Nitrile butadiene rubber (NBR) is one of the most widespread elastomers, characterized by low cost, high resistance to oil products and high resistance to thermal oxidative degradation. Due to its advanced properties, NBR is widely used as a matrix material in composites reinforced with carbon black [29,30], graphene [31], graphene oxide [32,33], SiO2 [34], Al2O3 [32] and other inorganic particles. There are some reports related to NBR-based materials’ thermal degradation and aging at the temperatures less than 200 °C [35,36,37], whereas no data on the NBR carbonization behavior was observed.

2. Materials and Methods

2.1. Materials

BNKS-18 AMN TU 38.30313-2006 nitrile butadiene rubber (NBR) (JSC Krasnoyarsk Synthetic Rubber Plant, Krasnoyarsk, Russia) with a mass fraction of acrylonitrile of 17–20 wt% was used as a matrix material. Mooney viscosity MML 1 + 4 (100 °C) for this elastomer was 42–45 units, and the ash content was 0.4 wt%.
Finely dispersed SiC powder (grade 64C, Litpromabrasiv Ltd., Moscow, Russia) was used as a filler when creating elastomeric compositions. The initial SiC powders contained mainly one carbide modification, i.e., polytype II (PSC hP12/14, structural type P6.3mc), with a lattice parameter a = 0.3081 nm. Total content of SiC in powder was not less than 98.0 wt%, and the powder contained impurities of Fe (not more than 0.4 wt%) and C (not more than 0.4 wt%).
SiC particle size distribution was studied using a laser diffraction particle size analyzer Fritsch Analysette-22 Nanotech (Fritsch GmbH, Idar-Oberstein, Germany), by ISO 24235: 2007 Ceramic composites. The determination of the particle size distribution of ceramic powders by laser diffraction method is shown in Figure 1.
The SiC powder has a bimodal particle size distribution, with 20% of the particles having sizes less than 400 nm. The d10, d50 and d90 values for the filler were of 0.110, 1.93, and 4.84 µm, respectively, and the average volumetric diameter D [4.3] was 2.28 µm. The bulk density of SiC was 0.579 g/cm3, and the tapped density, measured by Tapped Density Analyzer—Quantachrome Instruments, in accordance with ISO 787-11, was found to be of 0.985 g/cm3. As will be discussed below, SiC particle size distribution affects strongly the structures and properties of composite materials.

2.2. Composites Formation

To study the effect of the SiC filling on the composite properties, samples containing from 0 to 450 parts per hundred rubber (PHR) with a filling step of 50 parts by weight of SiC were prepared. Sample formation includes preparing the initial components, introducing of filler and a vulcanization agent into the elastomer, vulcanization of elastomer samples and low-temperature carbonization in an inert atmosphere.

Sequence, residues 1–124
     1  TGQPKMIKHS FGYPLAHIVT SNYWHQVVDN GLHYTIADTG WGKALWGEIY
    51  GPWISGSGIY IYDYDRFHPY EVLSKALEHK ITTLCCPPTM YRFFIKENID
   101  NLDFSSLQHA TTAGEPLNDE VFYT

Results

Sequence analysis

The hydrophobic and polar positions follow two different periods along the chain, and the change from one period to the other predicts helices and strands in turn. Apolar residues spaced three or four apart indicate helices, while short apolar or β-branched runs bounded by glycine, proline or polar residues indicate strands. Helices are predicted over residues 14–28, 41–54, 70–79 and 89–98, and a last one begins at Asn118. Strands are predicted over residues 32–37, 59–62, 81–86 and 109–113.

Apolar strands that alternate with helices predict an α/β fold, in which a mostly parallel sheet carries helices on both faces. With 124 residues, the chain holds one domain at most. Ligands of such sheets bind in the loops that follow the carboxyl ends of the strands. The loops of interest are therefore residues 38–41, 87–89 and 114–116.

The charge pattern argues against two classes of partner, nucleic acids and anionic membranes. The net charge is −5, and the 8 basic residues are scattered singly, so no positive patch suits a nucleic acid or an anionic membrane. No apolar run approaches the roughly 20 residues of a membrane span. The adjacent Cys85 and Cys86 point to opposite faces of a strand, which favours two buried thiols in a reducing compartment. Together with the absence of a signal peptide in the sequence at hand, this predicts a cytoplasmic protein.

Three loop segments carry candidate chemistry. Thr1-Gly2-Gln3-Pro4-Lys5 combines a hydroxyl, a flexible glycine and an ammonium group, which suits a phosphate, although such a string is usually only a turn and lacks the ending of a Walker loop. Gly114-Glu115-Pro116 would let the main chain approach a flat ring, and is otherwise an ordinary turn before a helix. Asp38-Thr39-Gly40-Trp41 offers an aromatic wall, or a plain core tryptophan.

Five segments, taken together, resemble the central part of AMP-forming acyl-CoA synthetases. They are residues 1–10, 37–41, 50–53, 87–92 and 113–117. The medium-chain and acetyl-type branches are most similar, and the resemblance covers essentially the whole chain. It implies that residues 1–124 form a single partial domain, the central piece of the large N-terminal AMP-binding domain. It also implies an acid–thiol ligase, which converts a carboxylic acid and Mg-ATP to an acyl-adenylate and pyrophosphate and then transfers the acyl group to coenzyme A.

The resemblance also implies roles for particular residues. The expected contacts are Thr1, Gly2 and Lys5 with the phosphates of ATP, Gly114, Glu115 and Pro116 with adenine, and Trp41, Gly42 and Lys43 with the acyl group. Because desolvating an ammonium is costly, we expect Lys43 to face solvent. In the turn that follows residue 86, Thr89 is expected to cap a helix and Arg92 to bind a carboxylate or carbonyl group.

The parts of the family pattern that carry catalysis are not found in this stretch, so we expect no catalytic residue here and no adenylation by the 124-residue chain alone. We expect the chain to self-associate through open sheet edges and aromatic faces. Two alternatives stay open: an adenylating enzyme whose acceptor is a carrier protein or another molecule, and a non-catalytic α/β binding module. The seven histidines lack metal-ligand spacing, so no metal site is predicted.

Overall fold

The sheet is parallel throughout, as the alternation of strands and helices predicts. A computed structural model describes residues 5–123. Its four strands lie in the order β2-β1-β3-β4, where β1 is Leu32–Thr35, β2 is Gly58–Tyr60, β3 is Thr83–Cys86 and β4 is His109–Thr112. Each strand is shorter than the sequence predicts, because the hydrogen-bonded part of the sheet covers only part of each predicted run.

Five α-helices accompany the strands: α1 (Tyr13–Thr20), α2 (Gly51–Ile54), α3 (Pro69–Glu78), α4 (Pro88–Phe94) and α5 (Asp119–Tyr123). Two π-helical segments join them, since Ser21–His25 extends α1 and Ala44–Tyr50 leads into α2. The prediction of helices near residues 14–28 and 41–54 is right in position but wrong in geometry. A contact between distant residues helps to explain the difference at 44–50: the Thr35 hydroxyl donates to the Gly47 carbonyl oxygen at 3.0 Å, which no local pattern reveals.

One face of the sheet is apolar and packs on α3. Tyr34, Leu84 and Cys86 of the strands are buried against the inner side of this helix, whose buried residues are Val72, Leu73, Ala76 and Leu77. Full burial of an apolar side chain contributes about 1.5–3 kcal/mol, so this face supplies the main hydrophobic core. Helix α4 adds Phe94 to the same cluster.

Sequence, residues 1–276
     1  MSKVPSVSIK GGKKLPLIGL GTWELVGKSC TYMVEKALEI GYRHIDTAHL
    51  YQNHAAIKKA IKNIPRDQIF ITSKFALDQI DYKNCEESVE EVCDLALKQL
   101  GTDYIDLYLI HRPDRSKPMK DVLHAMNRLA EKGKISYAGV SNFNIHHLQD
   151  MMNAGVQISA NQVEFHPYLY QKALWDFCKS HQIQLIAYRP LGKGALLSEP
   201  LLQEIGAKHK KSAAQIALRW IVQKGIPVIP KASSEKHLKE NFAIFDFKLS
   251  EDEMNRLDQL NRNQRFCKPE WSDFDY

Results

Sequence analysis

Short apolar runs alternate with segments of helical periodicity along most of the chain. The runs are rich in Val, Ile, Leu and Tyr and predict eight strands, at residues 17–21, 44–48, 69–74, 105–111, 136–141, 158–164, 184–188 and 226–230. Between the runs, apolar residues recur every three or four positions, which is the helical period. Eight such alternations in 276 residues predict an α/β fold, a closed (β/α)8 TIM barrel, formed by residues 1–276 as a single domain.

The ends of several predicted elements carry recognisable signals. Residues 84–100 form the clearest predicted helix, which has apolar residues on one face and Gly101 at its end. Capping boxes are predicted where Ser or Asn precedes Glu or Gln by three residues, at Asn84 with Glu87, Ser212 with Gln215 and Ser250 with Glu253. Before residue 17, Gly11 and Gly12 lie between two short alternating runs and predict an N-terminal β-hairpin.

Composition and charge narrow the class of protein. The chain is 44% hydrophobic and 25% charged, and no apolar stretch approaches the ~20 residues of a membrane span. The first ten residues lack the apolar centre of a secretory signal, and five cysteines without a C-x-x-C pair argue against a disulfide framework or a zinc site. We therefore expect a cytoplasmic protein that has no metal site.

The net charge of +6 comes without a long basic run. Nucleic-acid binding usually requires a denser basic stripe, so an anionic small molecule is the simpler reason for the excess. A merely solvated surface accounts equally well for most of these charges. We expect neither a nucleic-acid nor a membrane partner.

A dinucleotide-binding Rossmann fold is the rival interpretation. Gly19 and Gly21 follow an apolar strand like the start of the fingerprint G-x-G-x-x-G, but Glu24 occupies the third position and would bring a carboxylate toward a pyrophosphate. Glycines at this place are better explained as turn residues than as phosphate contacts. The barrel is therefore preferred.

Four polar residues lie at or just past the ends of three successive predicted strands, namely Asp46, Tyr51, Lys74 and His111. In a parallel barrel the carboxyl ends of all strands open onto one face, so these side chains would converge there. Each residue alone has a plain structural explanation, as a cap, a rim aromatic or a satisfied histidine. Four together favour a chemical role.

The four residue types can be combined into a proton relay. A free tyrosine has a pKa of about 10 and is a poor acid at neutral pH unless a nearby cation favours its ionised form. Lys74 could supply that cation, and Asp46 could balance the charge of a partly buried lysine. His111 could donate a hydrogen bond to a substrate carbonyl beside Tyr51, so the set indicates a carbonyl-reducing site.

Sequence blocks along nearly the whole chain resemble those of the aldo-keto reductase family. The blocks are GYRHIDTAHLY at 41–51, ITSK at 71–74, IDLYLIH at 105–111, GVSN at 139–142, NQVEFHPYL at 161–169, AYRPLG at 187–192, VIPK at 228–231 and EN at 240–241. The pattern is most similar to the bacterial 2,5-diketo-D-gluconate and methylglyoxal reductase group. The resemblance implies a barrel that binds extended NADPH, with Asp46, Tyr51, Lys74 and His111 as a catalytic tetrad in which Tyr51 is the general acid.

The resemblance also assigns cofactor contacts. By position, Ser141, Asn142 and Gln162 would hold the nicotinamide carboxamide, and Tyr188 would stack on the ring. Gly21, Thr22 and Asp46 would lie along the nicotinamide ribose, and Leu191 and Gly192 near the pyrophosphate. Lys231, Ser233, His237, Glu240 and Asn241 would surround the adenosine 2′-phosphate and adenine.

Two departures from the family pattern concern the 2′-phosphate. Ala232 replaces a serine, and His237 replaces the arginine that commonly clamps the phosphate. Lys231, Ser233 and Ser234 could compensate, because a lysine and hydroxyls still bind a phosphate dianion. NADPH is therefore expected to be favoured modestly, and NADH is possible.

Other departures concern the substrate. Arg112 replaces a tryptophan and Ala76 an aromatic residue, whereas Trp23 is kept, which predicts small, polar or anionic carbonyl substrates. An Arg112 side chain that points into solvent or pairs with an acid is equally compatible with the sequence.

Before being added to the elastomeric mixture, SiC powder was dried at 115 °C for 6 h. The filler was introduced into NBR using laboratory rubber mixing rollers BL-6175-A (Dongguan Baopin Precision Instrument Co., Ltd., Dongguan, China). The shaft speed ratio was 1:1.25; the complete mixing and mixture homogenization time was 40 min. Dicumyl peroxide (linear formula (C6H5C(CH3)2O)2, CAS Number 80-43-3, Aldrich 329541, 98.0 mass. % purity, melting point of 38 °C, Sigma-Aldrich Corp., St. Louis, MO, USA) was used as a vulcanizing agent. Vulcanization of composite samples in the form of plates with dimensions of 210 × 290 × 4 mm was carried out in steel mold at a temperature of 170 °C for 10 min using an AVPM-901 vulcanization press (Tesar-Ingeneering Ltd., Saratov, Russia) with a mold constant clamping force of 5 MPa.
For the final formation of the composite samples, the obtained plates were subjected to low-temperature carbonization in an inert atmosphere (argon) with constant heating from room temperature to 340 °C for 12 h in a PM-16M muffle furnace (Electropribor LLC, Saint Petersburg, Russia). Samples for investigation were made by mechanical processing using a diamond tool.

2.3. Characterization of the Samples’ Structures

The obtained samples’ microstructures were investigated on thin sections and on chips prepared by cracking in liquid nitrogen using scanning electron microscopy (SEM) using a Hitachi TM-1000 microscope (Hitachi Ltd., Tokyo, Japan).

2.4. Density Measurements

The densities of vulcanized and carbonized samples were measured by hydrostatic weighing in distilled water and ethyl alcohol according to ISO 1183-1: 2019 (Plastics—Methods for determining the density of non-cellular plastics) using an AND GR 202 analytical balance (A & D Limited, Tokyo, Japan) equipped with a hydrostatic weighing AD-1653.

2.5. Hardness Measurements

The hardnesses of vulcanized samples on the Shore A scale and of carbonized samples on the Shore D scale were measured using TSh-A and TSh-D handheld durometers (Novotest, Saint Petersburg, Russia) in accordance with ISO 868:2003 (Plastics and ebonite; determination of indentation hardness using a durometer (Shore hardness)).